Book review: ‘No country for old men’ by Cormac McCarthy

A few months ago, when the world was a different one, I read and reviewed ‘The Road’ by Cormac McCarthy – a read that adequately ushered me into three weeks of total anxiety and panic as I watched our now well-acquainted pandemic start to take hold in the UK. I never saw it getting to the post-apocalyptic levels of Cormac McCarthy’s debut novel, of course, but there was human behavior we’ve all seen (spitting in the faces of bloody brilliant NHS workers risking their lives for the general public, anyone?) which gave me echoed flashbacks to some of the more immoral and nasty characters in his book. 

I’m sad I couldn’t read it again for the first time. And I’m really disappointed that my second run-in with Cormac’s work wasn’t anywhere near the explosive experience I’d hoped for.

Perhaps it’s because it’s a Western (alright PROBABLY because it’s a Western). Perhaps it’s because the characters seemed almost indistinguishable from each other. Perhaps it’s the structure. Perhaps it’s because I expected too much from another Cormac book. But the more I read, the more I prayed that I would trip over and fall on my proverbial spurs. 

I’m not sure what I missed. This book contains more people getting shot than you can shake a stick full of black-tar heroin at, and all the reviews I’ve read about this ‘classic thriller’ are singing its praises – but once I’d read the first 50-odd pages, I got bored. And then I got more bored.

And then I had to drink an energy drink to get through the last bit.

‘No country for old men’ is, however, a great (and previously unknown to me) example of what Tom Spanbauer refers to as ‘burnt tongue’ i.e. to ensure that your characters speak from their time and their place, that they speak like real humans speak, rather than a nicely polished piece of dialogue. Cormac certainly makes language his bitch in this novel, with almost perfect Texan lilts doing without grammar in some cases of dialogue, “I dont know. Wouldnt of thought it.”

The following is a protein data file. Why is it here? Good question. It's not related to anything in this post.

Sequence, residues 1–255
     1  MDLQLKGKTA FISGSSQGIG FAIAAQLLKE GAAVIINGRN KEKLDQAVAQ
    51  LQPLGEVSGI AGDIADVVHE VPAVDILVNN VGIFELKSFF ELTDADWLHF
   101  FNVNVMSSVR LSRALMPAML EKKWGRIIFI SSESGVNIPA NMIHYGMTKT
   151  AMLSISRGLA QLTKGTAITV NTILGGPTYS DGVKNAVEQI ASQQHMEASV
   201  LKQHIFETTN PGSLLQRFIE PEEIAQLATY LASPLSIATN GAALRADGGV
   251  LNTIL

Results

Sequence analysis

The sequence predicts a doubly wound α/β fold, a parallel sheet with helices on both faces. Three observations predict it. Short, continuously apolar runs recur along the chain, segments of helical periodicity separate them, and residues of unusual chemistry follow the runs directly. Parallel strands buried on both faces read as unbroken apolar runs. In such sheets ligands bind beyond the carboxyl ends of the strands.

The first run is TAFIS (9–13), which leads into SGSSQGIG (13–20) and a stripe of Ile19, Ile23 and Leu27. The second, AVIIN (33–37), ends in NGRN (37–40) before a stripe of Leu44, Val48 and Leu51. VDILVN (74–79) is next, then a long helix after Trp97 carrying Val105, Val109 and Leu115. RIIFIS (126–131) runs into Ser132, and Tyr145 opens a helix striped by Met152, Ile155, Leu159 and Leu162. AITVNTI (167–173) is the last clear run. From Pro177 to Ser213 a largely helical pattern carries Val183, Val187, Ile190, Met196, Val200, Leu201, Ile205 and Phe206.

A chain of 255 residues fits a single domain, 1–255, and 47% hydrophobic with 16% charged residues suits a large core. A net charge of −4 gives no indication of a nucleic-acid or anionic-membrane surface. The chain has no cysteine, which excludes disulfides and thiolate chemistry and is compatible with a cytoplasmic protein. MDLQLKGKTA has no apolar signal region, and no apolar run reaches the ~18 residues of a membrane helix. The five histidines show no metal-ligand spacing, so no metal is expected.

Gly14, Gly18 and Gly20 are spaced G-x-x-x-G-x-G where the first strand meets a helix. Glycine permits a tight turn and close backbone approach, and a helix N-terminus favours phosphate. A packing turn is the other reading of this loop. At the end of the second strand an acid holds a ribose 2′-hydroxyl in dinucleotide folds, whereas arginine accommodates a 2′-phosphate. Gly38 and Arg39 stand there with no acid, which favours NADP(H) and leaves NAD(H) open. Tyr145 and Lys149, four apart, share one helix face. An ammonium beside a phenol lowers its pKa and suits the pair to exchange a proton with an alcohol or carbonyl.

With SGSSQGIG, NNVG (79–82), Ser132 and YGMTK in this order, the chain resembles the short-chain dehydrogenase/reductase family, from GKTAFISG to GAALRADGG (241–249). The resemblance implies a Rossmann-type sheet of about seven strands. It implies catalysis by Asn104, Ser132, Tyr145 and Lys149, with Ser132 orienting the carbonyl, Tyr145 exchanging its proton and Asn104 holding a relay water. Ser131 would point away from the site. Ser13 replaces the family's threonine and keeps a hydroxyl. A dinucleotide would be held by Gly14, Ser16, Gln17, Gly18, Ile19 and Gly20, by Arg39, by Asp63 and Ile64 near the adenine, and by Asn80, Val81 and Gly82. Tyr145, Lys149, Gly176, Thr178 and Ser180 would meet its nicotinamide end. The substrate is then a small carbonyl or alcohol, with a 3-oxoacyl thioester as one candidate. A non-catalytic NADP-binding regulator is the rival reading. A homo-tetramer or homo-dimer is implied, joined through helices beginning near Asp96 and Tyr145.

Unfortunately – and this is the case in a lot of geographically-dependent burnt dialogue – because all the characters had the same regional talk, it made it quite difficult to distinguish between them all. As a reader, you’re already trying to get used to a new ‘language’ (for lack of a better term), and suddenly their otherness is copy and pasted into everyone’s dialogue.

For me, the characters blurred into the blocks of ‘law enforcement’, ‘bad guys’ and ‘wives’ (yes, it was set only in the 80’s but all the women pretty much play the same role, as southern-talking women trying to hold their men back from certain death as they get involved in shady dealings. There was a standout young female character, a drifter, but her end comes pretty swiftly and barely dents the story).

One interesting thing I noticed was the structure of the novel. For as long as I had recorded (up until chapter 5 when I got bored) it seemed to follow the same mid-chapter act structure. In short, without fail within a chapter, we would see the following highs and lows: 

Scene #1: Bell (initially just an unnamed sheriff) will talk about being his family, his history as a law enforcer, and about the presence of evil
Scene #2: Something new will be discovered (either the drug deal gone wrong, shot up car, Moss’s wife etc.)
Scene #3: Someone shoots at a character (most likely Chigurgh, the baddie), or is shot themselves
Scene #4: Someone moves physically from one place to another, in turn moving along the storyline.

There’s obviously a political undertone to this novel, set in 1980 which was a somewhat violent period of American history – but I find it interesting that it is not the initial crime, but the humanitarian gesture that follows, which unravels the whole storyline and puts Moss in danger. Without returning to give the dying man some water, he could have escaped entirely undetected with the money he steals. Potentially a pretty neat commentary on humanity and the anxiety people felt at the unpredictable nature of crime and evil at that point in history.

Still, if there were undertones or themes running below that level, they didn’t find me and I didn’t much look for them either. Glad to move on from this slow burner to something a little more exciting.

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